Brenda, as you now know, the town in question is called Oesede.Oesede is located in the District (in German: Kreis) of Osnabrück in the western part of what was until 1866 the Kingdom of Hanover (in German: Hannover), the capital of which was the city of Hanover.
Like most of the major German states, Hanover sided with Austria against Prussia in the Austro-Prussian War, or Seven Weeks War, in 1866. Austria and her allies were defeated. The Kingdom of Prussia (in German: Preussen; capital: Berlin) thereupon annexed Hanover, which then became what was to remain until 1945 the Prussian province of Hanover.
Following World War II and the break-up of the huge state of Prussia, the Prussian province of Hanover, the state of Oldenburg, and the two very small states of Brunswick (in German: Braunschweig) and Schaumburg-Lippe combined to form today's German state of Lower Saxony (in German: Niedersachsen), with the city of Hanover as its capital.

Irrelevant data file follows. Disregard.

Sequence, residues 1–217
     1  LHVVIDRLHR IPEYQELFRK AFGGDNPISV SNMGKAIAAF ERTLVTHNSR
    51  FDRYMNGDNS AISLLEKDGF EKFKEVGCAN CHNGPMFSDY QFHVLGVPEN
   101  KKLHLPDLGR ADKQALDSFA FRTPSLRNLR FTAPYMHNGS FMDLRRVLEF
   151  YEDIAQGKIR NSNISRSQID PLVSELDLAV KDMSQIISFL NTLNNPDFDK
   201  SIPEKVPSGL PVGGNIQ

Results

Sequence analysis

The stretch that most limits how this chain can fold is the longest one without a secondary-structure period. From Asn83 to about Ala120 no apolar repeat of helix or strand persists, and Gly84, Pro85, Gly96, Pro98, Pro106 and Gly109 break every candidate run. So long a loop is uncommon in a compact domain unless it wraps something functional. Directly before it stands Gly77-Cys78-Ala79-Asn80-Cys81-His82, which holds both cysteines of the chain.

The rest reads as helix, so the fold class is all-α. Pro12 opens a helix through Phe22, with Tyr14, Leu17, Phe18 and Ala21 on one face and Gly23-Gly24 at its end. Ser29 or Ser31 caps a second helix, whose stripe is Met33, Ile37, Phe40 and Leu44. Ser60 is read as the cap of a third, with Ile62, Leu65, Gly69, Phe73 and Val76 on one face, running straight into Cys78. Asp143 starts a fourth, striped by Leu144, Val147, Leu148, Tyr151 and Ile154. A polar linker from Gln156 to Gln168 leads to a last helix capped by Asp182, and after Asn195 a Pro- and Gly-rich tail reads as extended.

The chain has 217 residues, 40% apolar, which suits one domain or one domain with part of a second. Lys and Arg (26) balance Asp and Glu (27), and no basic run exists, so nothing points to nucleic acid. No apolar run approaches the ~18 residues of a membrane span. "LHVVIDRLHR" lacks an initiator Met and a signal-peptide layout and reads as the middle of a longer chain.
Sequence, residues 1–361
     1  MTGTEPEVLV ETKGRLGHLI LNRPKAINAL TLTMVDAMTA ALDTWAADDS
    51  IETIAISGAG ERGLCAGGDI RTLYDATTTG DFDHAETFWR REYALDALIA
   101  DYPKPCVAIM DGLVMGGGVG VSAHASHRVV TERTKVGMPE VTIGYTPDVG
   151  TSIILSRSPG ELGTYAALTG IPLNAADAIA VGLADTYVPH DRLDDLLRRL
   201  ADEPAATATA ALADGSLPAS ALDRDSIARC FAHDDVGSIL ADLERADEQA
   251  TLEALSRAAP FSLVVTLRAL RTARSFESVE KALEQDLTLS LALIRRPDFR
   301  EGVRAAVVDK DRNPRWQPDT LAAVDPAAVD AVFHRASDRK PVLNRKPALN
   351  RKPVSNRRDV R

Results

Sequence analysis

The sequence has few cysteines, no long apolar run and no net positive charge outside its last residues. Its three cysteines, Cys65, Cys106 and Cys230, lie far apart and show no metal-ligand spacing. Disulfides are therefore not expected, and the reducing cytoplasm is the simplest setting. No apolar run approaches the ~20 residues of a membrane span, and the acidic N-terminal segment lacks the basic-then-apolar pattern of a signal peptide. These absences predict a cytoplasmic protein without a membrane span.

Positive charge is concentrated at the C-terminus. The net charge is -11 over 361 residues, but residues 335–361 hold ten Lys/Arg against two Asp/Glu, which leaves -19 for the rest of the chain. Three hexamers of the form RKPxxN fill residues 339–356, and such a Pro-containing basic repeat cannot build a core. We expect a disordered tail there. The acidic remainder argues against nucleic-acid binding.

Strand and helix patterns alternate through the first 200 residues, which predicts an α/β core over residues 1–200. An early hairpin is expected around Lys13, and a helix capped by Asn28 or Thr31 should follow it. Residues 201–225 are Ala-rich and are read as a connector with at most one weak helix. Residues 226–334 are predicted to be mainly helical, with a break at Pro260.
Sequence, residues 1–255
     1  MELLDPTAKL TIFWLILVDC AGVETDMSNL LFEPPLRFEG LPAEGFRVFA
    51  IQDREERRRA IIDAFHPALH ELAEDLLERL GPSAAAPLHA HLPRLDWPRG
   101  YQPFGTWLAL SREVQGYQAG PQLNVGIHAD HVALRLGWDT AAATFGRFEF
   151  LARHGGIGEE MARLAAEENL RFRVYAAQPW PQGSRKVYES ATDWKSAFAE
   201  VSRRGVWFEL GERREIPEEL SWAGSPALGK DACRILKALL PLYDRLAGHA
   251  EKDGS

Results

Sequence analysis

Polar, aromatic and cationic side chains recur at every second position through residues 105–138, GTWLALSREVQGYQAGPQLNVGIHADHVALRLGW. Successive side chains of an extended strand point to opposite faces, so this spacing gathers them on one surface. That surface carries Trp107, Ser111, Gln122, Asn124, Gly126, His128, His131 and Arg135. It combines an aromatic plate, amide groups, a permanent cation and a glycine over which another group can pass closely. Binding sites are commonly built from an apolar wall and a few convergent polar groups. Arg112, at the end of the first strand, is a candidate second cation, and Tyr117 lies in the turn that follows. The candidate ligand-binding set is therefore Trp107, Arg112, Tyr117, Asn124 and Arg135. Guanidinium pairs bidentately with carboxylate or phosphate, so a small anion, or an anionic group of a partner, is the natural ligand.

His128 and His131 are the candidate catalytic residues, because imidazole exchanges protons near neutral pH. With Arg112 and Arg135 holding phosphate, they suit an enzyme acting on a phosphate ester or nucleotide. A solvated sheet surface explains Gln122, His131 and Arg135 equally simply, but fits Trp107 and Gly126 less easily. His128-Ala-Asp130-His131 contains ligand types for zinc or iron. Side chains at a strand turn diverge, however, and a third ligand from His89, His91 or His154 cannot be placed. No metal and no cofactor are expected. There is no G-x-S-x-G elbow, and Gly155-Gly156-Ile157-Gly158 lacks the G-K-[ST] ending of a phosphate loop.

Oesede is thus located in the western part of today's state of Lower Saxony (Niedersachsen).
Oesede is no longer an independent town. In 1970, Oesede became part of the city of Georgsmarienhütte -- or if written without the "Umlaut" (two dots) over the "u", Georgsmarienhuette. Georgsmarienhütte is only about 5 miles south of the city of Osnabrück -- or if written without the "Umlaut" over the "u", Osnabrueck -- and about 80 miles west of the city of Hanover.The area is known for the mining of iron ore and for the steel industry.("Hütte" is the German word for "foundry".)
Here is a map of pre-1945 Hanover, so that you know what it looked like. (Hanover is in purple). If you look to the west, you will see the city of Osnabrück. As mentioend, Georgsmarienhütte is only about 5 miles south of Osnabrück.To give you an idea of size as you look at the map, Hanover covered an area roughly equivalent to that covered by the U.S. states of Maryland and Delaware combined.